In even the most congested cities, there’s a vast amount of untapped space that would make great gardens and parkland. Don’t see it? Try looking up. The roofs of buildings–and in cities, rooftops tend to be flat–are perfect places to go green. Conventional rooftops are often coated in tar, creating “heat islands” that concentrate and release the sun’s heat into the air. They’re also mainly unattractive and unused space. That’s why the trend of the green or living roof is growing, literally, on residences and public buildings alike.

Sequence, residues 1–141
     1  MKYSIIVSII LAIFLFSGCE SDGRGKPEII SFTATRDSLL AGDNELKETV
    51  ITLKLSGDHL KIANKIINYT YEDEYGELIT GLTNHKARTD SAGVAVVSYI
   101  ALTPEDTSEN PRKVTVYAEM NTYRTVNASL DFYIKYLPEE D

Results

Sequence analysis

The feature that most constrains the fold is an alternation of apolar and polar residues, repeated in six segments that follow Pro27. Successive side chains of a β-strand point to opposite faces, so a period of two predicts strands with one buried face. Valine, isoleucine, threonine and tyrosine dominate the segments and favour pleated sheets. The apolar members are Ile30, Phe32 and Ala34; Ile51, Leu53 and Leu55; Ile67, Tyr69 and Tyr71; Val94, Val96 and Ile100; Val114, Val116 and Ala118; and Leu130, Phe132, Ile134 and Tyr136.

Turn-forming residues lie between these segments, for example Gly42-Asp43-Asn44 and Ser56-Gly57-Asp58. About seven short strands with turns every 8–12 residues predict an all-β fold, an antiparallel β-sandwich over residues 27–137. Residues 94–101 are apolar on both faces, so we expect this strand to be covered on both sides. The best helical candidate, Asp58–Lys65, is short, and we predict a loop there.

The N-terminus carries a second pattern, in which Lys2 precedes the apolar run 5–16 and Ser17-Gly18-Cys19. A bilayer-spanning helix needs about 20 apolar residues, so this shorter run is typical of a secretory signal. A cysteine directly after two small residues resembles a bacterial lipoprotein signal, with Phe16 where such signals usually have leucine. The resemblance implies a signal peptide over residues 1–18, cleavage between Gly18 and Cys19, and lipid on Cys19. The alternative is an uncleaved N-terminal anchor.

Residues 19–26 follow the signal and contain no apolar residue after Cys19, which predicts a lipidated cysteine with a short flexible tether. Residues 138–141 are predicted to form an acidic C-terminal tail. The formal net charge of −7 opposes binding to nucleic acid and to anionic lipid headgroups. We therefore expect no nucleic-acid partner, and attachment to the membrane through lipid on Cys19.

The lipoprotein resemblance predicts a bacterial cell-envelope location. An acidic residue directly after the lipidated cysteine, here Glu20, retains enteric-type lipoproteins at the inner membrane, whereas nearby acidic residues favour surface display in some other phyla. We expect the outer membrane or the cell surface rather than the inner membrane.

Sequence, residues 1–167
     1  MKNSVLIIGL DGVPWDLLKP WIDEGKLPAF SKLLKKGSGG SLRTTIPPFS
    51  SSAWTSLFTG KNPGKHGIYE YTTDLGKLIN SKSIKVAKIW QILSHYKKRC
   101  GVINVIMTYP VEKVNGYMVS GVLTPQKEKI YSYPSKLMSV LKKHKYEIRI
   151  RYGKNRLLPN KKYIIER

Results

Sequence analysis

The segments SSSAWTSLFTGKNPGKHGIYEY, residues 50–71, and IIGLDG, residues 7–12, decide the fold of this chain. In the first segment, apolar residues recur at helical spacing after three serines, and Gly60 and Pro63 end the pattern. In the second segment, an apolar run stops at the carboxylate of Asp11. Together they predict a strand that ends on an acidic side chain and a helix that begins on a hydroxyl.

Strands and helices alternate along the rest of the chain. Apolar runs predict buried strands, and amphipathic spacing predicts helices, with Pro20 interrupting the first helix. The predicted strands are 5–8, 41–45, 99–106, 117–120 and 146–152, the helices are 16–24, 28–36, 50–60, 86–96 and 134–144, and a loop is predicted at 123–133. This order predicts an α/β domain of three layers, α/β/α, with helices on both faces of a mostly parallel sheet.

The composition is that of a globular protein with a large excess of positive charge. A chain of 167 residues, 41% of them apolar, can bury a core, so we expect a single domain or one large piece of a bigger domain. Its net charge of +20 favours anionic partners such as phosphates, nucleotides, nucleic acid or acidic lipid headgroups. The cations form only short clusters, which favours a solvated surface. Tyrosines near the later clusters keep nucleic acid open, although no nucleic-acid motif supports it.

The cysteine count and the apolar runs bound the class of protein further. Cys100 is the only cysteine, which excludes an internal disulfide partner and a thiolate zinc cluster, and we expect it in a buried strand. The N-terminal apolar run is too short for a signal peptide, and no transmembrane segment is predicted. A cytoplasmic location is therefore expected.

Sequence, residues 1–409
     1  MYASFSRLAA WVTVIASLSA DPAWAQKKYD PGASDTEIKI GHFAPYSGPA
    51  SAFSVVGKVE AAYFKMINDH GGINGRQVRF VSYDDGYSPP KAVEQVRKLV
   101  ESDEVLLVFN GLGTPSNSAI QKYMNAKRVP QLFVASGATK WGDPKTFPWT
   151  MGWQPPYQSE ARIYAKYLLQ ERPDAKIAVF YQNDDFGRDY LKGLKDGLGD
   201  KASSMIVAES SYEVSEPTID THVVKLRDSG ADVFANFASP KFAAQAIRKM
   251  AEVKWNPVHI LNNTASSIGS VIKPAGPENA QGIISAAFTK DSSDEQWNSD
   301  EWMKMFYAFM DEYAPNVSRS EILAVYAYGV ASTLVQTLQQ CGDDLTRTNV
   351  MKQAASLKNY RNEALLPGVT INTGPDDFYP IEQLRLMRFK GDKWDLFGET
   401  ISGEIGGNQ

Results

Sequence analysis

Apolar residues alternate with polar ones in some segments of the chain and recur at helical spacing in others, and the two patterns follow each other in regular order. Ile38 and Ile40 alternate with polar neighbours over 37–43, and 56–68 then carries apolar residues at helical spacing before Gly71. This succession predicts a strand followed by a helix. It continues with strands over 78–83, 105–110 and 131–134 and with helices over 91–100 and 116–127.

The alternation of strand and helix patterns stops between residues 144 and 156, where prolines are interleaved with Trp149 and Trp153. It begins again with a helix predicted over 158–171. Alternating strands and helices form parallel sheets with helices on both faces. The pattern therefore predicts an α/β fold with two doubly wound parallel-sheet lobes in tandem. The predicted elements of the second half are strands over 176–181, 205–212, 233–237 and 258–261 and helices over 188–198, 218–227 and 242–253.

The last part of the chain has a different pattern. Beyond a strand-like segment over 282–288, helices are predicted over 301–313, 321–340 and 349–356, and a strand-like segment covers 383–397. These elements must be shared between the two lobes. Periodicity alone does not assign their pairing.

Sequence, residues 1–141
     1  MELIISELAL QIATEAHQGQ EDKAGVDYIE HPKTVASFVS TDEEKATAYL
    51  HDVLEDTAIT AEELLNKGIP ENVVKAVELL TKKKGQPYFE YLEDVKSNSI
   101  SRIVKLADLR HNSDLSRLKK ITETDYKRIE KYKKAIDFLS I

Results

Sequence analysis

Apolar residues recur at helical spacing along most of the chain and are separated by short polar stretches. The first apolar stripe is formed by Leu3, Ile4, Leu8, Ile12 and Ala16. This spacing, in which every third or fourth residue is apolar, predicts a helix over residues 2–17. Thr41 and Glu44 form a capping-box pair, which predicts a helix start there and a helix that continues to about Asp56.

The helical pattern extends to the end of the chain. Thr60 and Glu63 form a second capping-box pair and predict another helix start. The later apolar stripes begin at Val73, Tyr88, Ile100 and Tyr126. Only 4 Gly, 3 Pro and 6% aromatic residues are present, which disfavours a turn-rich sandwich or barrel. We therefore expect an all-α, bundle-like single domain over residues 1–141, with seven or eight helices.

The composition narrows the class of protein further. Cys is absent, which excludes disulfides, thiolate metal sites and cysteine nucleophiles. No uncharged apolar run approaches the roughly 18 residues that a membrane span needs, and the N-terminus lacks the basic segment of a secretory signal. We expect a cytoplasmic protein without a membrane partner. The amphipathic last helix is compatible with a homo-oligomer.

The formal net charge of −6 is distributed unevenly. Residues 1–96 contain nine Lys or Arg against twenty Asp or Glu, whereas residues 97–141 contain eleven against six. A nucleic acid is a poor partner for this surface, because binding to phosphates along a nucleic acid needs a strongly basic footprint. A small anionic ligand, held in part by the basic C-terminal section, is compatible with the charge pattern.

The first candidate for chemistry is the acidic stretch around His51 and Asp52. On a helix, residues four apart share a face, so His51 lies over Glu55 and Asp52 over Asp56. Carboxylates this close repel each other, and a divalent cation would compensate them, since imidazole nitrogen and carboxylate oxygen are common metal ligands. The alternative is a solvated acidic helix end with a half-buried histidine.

A green roof is exactly what it sounds like; it’s when rooftop space is converted into a place for vegetation to grow. And the benefits of green roofs are numerous. The plants on the roof absorb carbon dioxide, an especially great thing in cities with heavy traffic and large footprints. The soil also captures stormwater that can tax sewer systems. For city dwellers, these gardens can provide a beautiful respite, while in rural areas they help buildings blend more naturally into the surroundings. Rooftops can also be used as vegetable gardens. Check out some of the pictures below, which show green roofs in rural and urban areas alike, and you can read up on the basics or watch a video introduction to green roofs.